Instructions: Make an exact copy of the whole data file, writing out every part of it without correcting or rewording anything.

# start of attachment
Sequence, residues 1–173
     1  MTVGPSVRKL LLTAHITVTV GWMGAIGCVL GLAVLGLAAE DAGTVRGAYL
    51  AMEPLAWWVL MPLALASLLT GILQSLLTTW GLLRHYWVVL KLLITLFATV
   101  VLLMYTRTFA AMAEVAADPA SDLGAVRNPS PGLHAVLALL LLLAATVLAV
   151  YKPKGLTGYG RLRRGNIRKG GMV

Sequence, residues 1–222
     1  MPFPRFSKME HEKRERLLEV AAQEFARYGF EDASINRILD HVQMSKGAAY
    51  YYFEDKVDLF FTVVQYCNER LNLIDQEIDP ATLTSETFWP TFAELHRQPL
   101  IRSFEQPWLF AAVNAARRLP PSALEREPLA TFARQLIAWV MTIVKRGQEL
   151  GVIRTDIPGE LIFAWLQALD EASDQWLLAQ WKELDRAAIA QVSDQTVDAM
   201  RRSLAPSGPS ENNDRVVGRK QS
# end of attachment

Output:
Sequence, residues 1–173
     1  MTVGPSVRKL LLTAHITVTV GWMGAIGCVL GLAVLGLAAE DAGTVRGAYL
    51  AMEPLAWWVL MPLALASLLT GILQSLLTTW GLLRHYWVVL KLLITLFATV
   101  VLLMYTRTFA AMAEVAADPA SDLGAVRNPS PGLHAVLALL LLLAATVLAV
   151  YKPKGLTGYG RLRRGNIRKG GMV

Sequence, residues 1–222
     1  MPFPRFSKME HEKRERLLEV AAQEFARYGF EDASINRILD HVQMSKGAAY
    51  YYFEDKVDLF FTVVQYCNER LNLIDQEIDP ATLTSETFWP TFAELHRQPL
   101  IRSFEQPWLF AAVNAARRLP PSALEREPLA TFARQLIAWV MTIVKRGQEL
   151  GVIRTDIPGE LIFAWLQALD EASDQWLLAQ WKELDRAAIA QVSDQTVDAM
   201  RRSLAPSGPS ENNDRVVGRK QS